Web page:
Publication: Monitor Volume: 5 Issue: 200

Federal forces in Chechnya are on the verge of completing a total blockade of the republic’s capital. The plan represents a significant tactical difference between this campaign and that of 1994-96, and Chechen civilians seem to be paying the price for it. As of now, only a two-kilometer gap remains in the ring of troops surrounding Djohar. The city came under its heaviest bombardment so far in this campaign yesterday. According to the Russian military, the home of field commander Shamil Basaev was destroyed in the shelling, and several of his bodyguards were killed (NTV, October 27).

The Russian forces have not, during this campaign, attempted to occupy Chechen population centers immediately, as they did in 1994-96. They have instead been blockading them, methodically targeting suspected concentrations of Chechen fighters for rocket and bomb attacks. The tactic has allowed the federal forces to keep their own losses to a minimum. It has, however, greatly increased losses among the civilians trapped in those population centers by the blockades.

This problem was discussed during a televised roundtable of journalists devoted to coverage of the current conflict hosted by NTV moderator Yevgeny Kiselev. Among those who participated in this discussion were foreign journalists accredited in Moscow, who argued that the Russian mass media have not been covering the current conflict objectively and have said practically nothing about the loss of civilian life (NTV, October 26).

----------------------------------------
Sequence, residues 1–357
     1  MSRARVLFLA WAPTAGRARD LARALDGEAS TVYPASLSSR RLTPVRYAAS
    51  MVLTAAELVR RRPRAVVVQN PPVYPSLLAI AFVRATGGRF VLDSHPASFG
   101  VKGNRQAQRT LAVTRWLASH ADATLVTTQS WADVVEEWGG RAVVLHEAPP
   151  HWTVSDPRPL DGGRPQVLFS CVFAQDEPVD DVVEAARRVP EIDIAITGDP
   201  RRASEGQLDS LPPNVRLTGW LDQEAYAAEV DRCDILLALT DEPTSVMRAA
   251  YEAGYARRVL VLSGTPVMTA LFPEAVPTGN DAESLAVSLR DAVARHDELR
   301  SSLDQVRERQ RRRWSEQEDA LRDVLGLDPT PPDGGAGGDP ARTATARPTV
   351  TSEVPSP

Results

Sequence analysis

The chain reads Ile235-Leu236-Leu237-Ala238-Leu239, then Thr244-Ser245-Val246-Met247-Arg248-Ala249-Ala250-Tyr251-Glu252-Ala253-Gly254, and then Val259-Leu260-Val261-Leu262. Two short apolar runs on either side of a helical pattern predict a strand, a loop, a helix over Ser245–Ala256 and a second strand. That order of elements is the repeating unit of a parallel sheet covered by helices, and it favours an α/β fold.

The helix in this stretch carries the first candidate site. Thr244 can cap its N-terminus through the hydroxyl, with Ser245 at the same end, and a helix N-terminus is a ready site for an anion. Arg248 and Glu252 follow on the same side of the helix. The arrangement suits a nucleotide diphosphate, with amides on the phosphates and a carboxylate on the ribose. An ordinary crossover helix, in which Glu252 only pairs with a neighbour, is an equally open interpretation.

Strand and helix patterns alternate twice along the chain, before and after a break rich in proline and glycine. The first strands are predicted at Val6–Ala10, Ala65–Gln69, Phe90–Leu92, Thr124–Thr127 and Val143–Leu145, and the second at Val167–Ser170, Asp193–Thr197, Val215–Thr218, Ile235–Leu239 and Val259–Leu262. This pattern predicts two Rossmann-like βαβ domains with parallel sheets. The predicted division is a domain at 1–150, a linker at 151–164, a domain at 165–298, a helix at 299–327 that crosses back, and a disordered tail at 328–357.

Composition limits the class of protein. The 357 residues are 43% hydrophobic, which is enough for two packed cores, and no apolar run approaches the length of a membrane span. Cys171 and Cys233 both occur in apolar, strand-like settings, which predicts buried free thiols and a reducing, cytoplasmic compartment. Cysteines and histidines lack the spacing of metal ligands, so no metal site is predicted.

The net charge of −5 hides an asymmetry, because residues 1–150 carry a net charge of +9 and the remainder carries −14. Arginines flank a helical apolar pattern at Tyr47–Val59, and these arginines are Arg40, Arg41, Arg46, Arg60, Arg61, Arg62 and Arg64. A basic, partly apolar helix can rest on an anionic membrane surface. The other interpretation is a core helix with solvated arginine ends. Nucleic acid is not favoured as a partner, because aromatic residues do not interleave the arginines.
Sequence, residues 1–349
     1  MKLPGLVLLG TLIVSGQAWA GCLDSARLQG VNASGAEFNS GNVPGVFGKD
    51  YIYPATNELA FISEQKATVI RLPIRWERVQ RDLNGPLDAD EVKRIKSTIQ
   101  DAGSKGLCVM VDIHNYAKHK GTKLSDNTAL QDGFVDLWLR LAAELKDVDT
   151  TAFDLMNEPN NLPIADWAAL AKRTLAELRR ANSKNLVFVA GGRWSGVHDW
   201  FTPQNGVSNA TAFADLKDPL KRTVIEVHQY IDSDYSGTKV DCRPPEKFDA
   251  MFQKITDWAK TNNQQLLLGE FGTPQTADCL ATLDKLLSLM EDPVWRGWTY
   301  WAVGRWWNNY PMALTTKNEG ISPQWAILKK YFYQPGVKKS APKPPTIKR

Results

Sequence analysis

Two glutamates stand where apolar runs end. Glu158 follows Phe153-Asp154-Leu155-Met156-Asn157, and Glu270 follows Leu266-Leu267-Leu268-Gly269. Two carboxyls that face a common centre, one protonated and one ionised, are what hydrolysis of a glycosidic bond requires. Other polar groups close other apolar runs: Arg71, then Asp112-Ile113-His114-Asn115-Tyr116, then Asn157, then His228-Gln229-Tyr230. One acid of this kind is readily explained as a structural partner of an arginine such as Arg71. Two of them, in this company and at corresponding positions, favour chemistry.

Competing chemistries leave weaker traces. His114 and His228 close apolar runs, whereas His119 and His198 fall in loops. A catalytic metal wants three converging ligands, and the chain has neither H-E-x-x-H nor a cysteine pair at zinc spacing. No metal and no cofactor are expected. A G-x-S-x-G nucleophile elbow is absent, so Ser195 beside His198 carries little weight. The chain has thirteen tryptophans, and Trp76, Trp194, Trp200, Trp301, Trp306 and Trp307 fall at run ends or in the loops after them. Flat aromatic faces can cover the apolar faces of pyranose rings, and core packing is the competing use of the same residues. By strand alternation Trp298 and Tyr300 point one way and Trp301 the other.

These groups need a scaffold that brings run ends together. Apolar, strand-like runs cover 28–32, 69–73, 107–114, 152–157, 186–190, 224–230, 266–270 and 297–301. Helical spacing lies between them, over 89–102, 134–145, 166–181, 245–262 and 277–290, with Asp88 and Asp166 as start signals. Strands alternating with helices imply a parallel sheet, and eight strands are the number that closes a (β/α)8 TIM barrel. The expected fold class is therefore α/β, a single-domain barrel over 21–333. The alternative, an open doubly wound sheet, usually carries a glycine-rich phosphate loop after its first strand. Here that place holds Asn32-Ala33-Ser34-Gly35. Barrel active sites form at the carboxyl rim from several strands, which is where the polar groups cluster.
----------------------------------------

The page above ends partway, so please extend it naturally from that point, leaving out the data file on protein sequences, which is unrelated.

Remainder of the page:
Yesterday, Russian Defense Minister Igor Sergeev visited the military headquarters for the operation in Chechnya, which is located in Mozdok, in the neighboring republic of North Ossetia–a visit possibly connected with Kremlin plans to complete this second stage of its military operation in Chechnya.

Meanwhile, Russian Foreign Minister Igor Ivanov–also yesterday, while on a visit to Paris–addressed the questions raised by the foreign journalists concerning coverage of the Chechen conflict. Ivanov said that an information war as well as a military one is going on in Chechnya. Western mass media, he said, is disseminating tendentious information concerning the destruction of homes and loss of life among civilians and that public opinion in the West is being formed on the basis of these reports, which in turn is exerting pressure on Western governments (NTV, October 26).